Say you love cake. I mean, really love cake. Like, eating cake is your favorite thing to do. When a bunch of leftover red velvet goes missing from the office fridge, who do you think everyone’s gonna blame? Not salad desk Sam, that’s for sure. Likewise, when New York gets 65-degree days in December, everyone’s gonna point the finger at climate change. Because everyone knows that climate change loves messing with the weather. It’s, like, climate change’s favorite thing to do.

But the truth is, someone just threw out the cake because it started to go bad (you would’ve eaten around the mold, but whatever), and climate change isn’t on the hook for all of this year’s wacky weather. El Niño and his friend the Arctic oscillation are.

If you need a refresher on El Niño, here’s a quick introduction:

Basically, this “whippersnapper” comes around every two to seven years, when the trade winds over the Pacific Ocean stop blowing from east to west. Scientists don’t really know why this happens, but they do know that it causes unusually warm and rainy weather over on this side of the Pacific and unusually dry weather over on the other side. Hence, the West Coast is getting drenched, and the fires raging in Australia and Southeast Asia are only getting worse.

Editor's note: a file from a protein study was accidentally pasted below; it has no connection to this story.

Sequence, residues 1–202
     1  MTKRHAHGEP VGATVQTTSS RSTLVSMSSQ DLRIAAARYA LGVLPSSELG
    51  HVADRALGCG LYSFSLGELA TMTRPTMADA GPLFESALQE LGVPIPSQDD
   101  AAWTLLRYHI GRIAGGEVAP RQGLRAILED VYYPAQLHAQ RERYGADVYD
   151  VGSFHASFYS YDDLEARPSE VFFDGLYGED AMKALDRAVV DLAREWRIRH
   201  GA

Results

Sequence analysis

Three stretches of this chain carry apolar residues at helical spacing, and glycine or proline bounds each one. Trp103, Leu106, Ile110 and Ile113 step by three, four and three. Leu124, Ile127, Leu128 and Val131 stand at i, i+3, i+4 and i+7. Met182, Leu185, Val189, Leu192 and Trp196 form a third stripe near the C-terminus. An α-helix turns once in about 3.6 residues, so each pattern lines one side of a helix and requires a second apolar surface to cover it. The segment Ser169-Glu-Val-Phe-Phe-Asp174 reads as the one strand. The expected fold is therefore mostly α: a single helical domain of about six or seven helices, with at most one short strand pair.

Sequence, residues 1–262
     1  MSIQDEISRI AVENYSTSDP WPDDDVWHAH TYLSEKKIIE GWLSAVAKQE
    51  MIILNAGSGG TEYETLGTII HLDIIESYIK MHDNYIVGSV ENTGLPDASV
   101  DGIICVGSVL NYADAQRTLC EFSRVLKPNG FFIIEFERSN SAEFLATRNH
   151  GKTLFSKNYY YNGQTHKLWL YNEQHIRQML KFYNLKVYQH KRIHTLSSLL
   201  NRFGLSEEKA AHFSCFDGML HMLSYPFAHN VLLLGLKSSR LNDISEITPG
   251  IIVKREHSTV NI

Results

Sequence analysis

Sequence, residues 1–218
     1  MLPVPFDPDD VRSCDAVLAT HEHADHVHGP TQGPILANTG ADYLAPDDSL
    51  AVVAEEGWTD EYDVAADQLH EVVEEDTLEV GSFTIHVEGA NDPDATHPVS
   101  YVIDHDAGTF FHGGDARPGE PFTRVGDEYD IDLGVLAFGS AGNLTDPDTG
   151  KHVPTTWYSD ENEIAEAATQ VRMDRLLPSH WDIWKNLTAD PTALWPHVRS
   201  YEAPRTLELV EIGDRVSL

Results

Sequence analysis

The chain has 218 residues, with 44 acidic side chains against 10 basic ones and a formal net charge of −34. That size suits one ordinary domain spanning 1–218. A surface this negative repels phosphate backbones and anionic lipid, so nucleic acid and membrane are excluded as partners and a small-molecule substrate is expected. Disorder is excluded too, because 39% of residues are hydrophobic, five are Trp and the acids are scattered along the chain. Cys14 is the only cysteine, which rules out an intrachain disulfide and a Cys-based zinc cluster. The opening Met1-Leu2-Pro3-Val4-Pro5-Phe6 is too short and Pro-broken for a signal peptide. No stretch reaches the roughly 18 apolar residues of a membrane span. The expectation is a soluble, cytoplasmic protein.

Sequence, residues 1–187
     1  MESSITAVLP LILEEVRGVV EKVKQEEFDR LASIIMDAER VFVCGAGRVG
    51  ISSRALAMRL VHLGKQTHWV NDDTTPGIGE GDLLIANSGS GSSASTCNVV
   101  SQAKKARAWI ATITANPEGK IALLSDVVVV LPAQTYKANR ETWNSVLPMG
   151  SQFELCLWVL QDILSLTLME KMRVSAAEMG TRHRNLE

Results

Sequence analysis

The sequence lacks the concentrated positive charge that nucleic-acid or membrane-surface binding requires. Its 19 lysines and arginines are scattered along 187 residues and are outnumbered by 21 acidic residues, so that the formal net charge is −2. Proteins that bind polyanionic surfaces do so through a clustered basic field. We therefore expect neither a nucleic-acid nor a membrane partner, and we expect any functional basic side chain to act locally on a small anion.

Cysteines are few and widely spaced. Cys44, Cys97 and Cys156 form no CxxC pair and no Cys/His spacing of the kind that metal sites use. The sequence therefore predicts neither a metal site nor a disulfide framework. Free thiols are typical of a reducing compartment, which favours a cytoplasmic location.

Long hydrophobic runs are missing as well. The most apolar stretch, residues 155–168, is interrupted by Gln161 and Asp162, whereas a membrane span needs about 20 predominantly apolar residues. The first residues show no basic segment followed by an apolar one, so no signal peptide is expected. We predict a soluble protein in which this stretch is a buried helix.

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The Arctic oscillation, code name AO, comes into play by preventing cold Arctic air from spilling down into the lower latitudes. According to the National Oceanic and Atmospheric Association (NOAA), when the AO is in a “positive phase,” strong Arctic winds circulating the globe confine cold air to the North Pole. When it’s in a “negative phase,” those winds weaken, letting that cold air seep down to lower latitudes. That’s what caused the polar vortex that we experienced the past two winters. Right now, the AO is in a positive phase. Hence, the unusually warm weather in the Northeast.

When NPR asked NOAA’s Mike Halpert whether climate change was also contributing to this weird weather, Halpert pretty much said no:

If it is, it’s probably fairly insignificant at this point. If it were to play a role, it would be more likely if, somehow, climate change is impacting either the Arctic oscillation or El Niño, and we’re not really aware that it is at this point. If you think about, maybe – the high temperature over the weekend was 70, so maybe without climate change, it would’ve been 69. I think it’s a fairly insignificant role, if any role at all.

So the takeaway here is that we shouldn’t blame climate change every time the weather does something weird, and your co-workers shouldn’t blame you every time a piece of cake disappears. That said, you’ll still eat the shit out of some cake if given the chance, and climate change will still wreck the planet if given the chance. So let’s just do everyone a solid by hiding the cake and cutting emissions. We’ll all be better for it in the end.

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